Lawmakers who support the measure said this would give Congress flexibility to pass laws which could open up the economy to more foreign investments.

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"Foreign investment plays a crucial role in the Philippine economy by supporting domestic jobs and the creation of physical and knowledge capital across a range of industries. The need to attract foreign capital is critical to support our economy's recovery from COVID-19," Velasco said.

If approved by Congress, these amendments also would have to be approved by the general public in a plebiscite seen to take place alongside the May 2022 elections.

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What about the timing?

For University of the Philippines political science professor Jean Encinas-Franco, the timing of the measure could hamper the goal of pandemic recovery. Since the Cha-cha deliberations are on the tail-end of the Duterte administration, the public will no longer have enough time to understand its perceived advantages, she said.

"It is not something that we should do at this time. The timing is not good. They are adjourning for this regular session. It's difficult to inform the people if there's no time anymore," she told reportr.

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Congress is set to adjourn session on June 4, 2021. Even if the House approves the resolution before that, Senate President Vicente Sotto III said senators will no longer have time to tackle it before the break.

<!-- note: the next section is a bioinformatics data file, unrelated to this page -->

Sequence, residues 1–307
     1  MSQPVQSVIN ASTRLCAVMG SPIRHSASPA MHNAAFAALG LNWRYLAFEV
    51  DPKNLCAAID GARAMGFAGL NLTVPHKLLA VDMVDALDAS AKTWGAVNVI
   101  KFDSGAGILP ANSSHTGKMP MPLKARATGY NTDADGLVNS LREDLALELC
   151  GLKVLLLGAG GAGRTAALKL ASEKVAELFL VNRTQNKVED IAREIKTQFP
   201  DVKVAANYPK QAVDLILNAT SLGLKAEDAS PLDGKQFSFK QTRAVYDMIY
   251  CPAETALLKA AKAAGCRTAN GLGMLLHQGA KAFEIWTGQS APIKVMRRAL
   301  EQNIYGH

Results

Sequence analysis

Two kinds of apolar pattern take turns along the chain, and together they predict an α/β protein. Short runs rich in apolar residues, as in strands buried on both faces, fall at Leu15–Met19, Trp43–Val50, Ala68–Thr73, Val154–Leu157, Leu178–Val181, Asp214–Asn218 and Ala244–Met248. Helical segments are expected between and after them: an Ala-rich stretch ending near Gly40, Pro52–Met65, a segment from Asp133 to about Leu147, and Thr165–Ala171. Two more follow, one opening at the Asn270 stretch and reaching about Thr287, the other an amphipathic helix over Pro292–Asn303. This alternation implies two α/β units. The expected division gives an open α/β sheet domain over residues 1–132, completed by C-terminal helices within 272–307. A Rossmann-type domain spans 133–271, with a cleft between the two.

Encinas-Franco said pushing for Cha-cha under time pressure would make it appear "railroaded." Unless there are several hearings and the amendments are exhaustively deliberated in plenary, lawmakers can "easily" have the Cha-cha proposal approved, she said.

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Will there be political amendments?

There is also the danger that political amendments may be inserted as Congress deliberates on economic Cha-cha, Encinas-Franco said, especially since the 2022 elections draw near.

"Once they open the Constitution for amendments, then the other political provisions can also be changed. And this is also not a very good time for it," Encinas-Franco said.